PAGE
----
Like many breakthrough inventions, air bearings were a by-product of military needs. You could win a bet by asking a smart guy, "Which U.S. war drove the invention of air bearings?"
The answer is: The US Civil War. No way you could lose on that.
The siege cannons and huge mortars designed for the Northern campaigns used more potent powder and larger shells These steel monsters required enormous billets of high strength alloy steel to be cut and milled into these weapons. It was a new problem, due to size and weight of the steel hunks, causing new tools to be created. You couldn't spin 5 tons of steel in the lathes of the day. A clever person (I'm still digging to find a name) developed the use of machined brass pads floating on machined brass runways - the pads being multi-perforated where they rested on the runways, flat brass to flat brass. These pads were supplied with compressed air (we did have steam and water-driven air compressors) which allowed extreme low friction positioning of the huge billets. They were then clamped down and milling machines went to work. Periodically, the billets were repositioned to a more advantageous angle for subsequent machining operations.
The limits of this technology were that the operating surface convexities and concavities couldn't exceed + or - 1 mil (one thousandth of an inch) due to the low lift height (difference between inflated and deflated state), about two mils. In other words, you need a very, very flat floor for solid air bearings to function. If you have a zero lift height requirement, and a machined flat surface floor, we can provide solid air bearings.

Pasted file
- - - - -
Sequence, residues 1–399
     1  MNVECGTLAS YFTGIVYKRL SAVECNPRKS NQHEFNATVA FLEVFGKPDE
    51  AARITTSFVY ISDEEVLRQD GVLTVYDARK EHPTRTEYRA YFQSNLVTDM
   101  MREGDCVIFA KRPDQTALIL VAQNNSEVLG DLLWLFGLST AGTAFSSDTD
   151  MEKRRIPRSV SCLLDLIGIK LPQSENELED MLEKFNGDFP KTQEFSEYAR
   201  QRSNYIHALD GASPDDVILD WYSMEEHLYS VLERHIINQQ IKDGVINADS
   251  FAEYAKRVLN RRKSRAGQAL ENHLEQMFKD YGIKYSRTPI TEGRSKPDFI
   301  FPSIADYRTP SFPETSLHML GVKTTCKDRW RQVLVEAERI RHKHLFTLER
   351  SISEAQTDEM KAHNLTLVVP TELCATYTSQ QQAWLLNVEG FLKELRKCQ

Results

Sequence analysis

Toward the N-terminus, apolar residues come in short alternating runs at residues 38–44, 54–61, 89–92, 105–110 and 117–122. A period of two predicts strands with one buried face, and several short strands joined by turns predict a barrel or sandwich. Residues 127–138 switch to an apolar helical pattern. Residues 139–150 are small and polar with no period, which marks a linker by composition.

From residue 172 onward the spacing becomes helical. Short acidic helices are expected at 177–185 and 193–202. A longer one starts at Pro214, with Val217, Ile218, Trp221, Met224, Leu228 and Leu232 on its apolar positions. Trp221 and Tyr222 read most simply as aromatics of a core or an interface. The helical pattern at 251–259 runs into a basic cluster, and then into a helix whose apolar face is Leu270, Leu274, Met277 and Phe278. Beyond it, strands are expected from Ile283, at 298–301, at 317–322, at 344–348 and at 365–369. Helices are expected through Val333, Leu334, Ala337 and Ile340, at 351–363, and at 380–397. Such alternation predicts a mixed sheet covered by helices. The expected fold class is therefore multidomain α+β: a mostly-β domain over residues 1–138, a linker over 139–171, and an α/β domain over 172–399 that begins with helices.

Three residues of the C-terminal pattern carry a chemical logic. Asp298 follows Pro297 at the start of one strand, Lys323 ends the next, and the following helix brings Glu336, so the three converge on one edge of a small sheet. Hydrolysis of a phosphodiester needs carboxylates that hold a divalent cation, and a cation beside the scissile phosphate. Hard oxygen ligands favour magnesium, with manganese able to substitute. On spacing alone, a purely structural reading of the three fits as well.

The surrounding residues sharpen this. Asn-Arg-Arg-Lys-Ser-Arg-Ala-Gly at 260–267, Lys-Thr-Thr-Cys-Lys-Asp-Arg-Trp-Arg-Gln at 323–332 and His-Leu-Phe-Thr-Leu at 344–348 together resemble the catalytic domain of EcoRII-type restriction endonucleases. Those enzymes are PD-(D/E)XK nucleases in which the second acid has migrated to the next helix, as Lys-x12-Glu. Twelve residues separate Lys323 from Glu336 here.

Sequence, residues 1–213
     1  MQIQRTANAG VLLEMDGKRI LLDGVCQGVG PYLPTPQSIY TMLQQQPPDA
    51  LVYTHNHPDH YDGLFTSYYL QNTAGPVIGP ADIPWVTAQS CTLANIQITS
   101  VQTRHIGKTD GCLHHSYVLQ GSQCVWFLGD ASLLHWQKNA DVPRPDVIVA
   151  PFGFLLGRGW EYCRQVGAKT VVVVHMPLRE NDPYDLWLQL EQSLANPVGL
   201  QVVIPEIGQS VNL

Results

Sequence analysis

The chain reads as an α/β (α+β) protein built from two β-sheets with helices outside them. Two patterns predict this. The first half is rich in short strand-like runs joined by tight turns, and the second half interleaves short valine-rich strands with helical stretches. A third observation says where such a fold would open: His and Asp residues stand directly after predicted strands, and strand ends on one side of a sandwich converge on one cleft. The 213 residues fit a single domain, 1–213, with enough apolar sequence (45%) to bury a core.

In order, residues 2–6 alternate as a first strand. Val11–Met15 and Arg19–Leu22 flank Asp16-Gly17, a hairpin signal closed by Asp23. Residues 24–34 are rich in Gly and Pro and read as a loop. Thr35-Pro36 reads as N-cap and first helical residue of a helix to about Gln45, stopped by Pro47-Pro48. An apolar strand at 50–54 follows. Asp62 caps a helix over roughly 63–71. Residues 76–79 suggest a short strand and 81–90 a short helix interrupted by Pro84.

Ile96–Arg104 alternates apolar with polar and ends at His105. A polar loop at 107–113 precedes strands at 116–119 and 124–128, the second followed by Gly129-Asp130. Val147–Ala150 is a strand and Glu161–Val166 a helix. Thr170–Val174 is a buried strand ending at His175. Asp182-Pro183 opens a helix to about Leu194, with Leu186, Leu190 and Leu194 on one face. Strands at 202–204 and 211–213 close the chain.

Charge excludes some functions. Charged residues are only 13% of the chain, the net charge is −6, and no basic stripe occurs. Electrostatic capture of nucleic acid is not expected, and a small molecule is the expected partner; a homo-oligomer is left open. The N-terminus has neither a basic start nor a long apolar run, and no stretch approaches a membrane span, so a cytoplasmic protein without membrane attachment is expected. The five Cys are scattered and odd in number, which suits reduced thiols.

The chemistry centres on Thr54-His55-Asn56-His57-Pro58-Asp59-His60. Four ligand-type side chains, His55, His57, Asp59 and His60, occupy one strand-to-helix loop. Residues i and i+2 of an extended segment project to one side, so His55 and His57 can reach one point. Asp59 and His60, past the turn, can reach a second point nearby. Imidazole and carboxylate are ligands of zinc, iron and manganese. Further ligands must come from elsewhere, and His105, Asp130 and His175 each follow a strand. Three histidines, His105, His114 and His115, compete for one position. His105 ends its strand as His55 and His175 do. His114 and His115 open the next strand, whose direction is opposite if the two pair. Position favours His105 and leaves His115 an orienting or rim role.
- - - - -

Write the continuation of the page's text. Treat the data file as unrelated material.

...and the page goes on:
This is where the technology stayed until the late 50's when the Frigidaire division of GM patented a flexible membrane air bearing allowing some undulations in the operating surface. Boeing was designing tooling in the early 60's for the what was to be the world's largest airliner, the 747. The GM air bearings seemed promising and they designed several tool fixtures for building this airplane using that technology. The GM technology used a "bottom-half-of-the-bagel" inflated membrane whose geometry limited lift height. While they worked well on some parts of the factory floor, Boeing had to grind down peaks and fill valleys on other parts of the floor. Boeing assigned a team of engineers to resolve the air bearing problems including inability to pressure adjust for unequal loading at each corner. They invented a new, full torus (complete bagel shaped unit). Boeing received a patent for this new and improved air bearing (AeroCaster)which was pressure adjustable, could tolerate twice the former limit of floor waviness and carried about twice the load for a given diameter. AeroGo was a Boeing spin-off in 1967 to exploit the industrial potential of the new design and remains the world leader in industrial air bearing solutions. Want to build your own air bearing?